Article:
Human space explorers arrive at a strange, desolate, alien world to investigate a transmission coming from the surface. Investigating they come across an ancient derelict spacecraft containing the skeletons of their giant crew members. One by one the human crew is killed off by a species of parasitic alien which takes over their bodies.
This is Planet of the Vampires (1965), Mario Bava's horror-science fiction hybrid. As usual, Bava extends his budget through creative sets and his stylized use of color and lighting. The space crew is decked out in mod leather outfits that look like the SS version of the X-Men costumes, and there are some interesting visuals, but as a whole, Planet of the Vampires is somewhat sluggish, padding out a story which could have been told in about half the time allotted for it. Despite the high body count and Bava's experience with horror and suspense films, this movie is not terribly suspenseful. Because of the atmospheric quality of lighting, the similar hair styles and identical uniforms it was often hard to follow who had been killed off and when exactly.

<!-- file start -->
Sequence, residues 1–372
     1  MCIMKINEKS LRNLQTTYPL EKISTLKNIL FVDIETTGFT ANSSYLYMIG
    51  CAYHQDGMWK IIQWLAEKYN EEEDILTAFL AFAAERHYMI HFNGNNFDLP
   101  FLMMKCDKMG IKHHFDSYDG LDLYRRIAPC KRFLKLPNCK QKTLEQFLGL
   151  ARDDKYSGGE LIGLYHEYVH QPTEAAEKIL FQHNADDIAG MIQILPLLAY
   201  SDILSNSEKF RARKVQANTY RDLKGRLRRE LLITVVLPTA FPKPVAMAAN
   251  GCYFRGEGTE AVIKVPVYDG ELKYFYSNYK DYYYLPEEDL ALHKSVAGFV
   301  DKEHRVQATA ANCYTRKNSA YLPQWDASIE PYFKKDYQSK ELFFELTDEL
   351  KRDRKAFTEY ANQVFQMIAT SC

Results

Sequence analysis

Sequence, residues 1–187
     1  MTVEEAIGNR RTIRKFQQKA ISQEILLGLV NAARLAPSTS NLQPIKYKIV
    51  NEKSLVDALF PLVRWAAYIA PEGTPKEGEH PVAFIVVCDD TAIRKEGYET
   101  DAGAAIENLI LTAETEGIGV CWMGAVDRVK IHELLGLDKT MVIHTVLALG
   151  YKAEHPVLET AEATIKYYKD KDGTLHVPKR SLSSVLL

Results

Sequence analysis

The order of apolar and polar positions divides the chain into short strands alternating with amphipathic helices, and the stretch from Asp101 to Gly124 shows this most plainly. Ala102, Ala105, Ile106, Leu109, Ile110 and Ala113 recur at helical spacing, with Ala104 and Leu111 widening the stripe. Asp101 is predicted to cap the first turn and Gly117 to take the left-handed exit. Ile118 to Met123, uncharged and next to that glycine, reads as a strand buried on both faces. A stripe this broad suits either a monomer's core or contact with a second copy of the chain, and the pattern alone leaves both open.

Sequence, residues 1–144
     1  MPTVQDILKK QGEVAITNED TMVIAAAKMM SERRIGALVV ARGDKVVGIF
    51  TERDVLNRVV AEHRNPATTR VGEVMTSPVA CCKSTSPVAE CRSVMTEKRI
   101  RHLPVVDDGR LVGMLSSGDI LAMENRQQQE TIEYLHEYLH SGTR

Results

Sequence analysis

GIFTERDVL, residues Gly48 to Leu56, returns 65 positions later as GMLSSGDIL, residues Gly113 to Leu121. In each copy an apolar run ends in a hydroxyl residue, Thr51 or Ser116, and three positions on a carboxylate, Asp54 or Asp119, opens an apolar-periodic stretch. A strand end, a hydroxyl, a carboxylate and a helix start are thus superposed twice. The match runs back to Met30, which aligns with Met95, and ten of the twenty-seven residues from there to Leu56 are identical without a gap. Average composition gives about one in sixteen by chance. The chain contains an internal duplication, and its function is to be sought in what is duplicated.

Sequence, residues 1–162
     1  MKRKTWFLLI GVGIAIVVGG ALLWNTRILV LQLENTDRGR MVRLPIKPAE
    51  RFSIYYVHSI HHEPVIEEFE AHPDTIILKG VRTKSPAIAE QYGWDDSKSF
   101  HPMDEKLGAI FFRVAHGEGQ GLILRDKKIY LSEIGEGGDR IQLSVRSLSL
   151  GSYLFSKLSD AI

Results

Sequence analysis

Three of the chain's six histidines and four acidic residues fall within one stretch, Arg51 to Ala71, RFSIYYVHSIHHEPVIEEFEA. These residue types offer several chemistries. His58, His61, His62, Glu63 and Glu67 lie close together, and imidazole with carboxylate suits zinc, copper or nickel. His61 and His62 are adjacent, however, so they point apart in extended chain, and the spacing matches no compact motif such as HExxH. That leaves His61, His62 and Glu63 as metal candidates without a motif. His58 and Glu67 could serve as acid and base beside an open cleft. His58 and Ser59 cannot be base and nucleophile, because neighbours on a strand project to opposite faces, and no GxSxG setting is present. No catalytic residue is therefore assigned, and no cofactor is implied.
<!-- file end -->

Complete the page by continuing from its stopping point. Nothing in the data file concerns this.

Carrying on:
There are also no vampires per se in this movie. Disembodied aliens have been trying to lure space explorers to their dying planet for some time, using their powers to turn the visitors homicidal against one another in order for them to inhabit the dead bodies so they can take control of their spacecraft and leave the planet and take over the planet of their unwitting rescuers. So the undead are really just the dead being puppeteered by an inhabiting life form. No body bites, eats or drinks the blood of anyone else.
It's an interesting film to watch, particularly when noticing its obvious influence on Alien (1979) and it really feels like the kind of movie that would show up at 1:00 AM in the days before cable.